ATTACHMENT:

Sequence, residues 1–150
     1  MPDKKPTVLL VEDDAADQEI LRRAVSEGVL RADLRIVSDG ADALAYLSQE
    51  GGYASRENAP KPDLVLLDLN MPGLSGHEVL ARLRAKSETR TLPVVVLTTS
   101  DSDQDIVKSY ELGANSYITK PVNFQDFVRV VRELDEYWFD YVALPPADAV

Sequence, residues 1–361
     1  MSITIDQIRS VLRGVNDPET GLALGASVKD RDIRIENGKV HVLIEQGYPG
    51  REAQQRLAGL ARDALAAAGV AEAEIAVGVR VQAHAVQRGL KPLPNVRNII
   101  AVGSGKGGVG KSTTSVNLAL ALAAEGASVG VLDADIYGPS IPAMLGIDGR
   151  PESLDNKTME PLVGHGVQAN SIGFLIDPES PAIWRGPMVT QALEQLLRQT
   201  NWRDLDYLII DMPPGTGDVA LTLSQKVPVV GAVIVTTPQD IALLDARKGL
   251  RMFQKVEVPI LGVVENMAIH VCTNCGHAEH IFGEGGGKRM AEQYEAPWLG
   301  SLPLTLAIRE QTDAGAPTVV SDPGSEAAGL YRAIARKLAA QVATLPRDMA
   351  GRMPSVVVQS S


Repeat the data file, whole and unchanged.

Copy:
Sequence, residues 1–150
     1  MPDKKPTVLL VEDDAADQEI LRRAVSEGVL RADLRIVSDG ADALAYLSQE
    51  GGYASRENAP KPDLVLLDLN MPGLSGHEVL ARLRAKSETR TLPVVVLTTS
   101  DSDQDIVKSY ELGANSYITK PVNFQDFVRV VRELDEYWFD YVALPPADAV

Sequence, residues 1–361
     1  MSITIDQIRS VLRGVNDPET GLALGASVKD RDIRIENGKV HVLIEQGYPG
    51  REAQQRLAGL ARDALAAAGV AEAEIAVGVR VQAHAVQRGL KPLPNVRNII
   101  AVGSGKGGVG KSTTSVNLAL ALAAEGASVG VLDADIYGPS IPAMLGIDGR
   151  PESLDNKTME PLVGHGVQAN SIGFLIDPES PAIWRGPMVT QALEQLLRQT
   201  NWRDLDYLII DMPPGTGDVA LTLSQKVPVV GAVIVTTPQD IALLDARKGL
   251  RMFQKVEVPI LGVVENMAIH VCTNCGHAEH IFGEGGGKRM AEQYEAPWLG
   301  SLPLTLAIRE QTDAGAPTVV SDPGSEAAGL YRAIARKLAA QVATLPRDMA
   351  GRMPSVVVQS S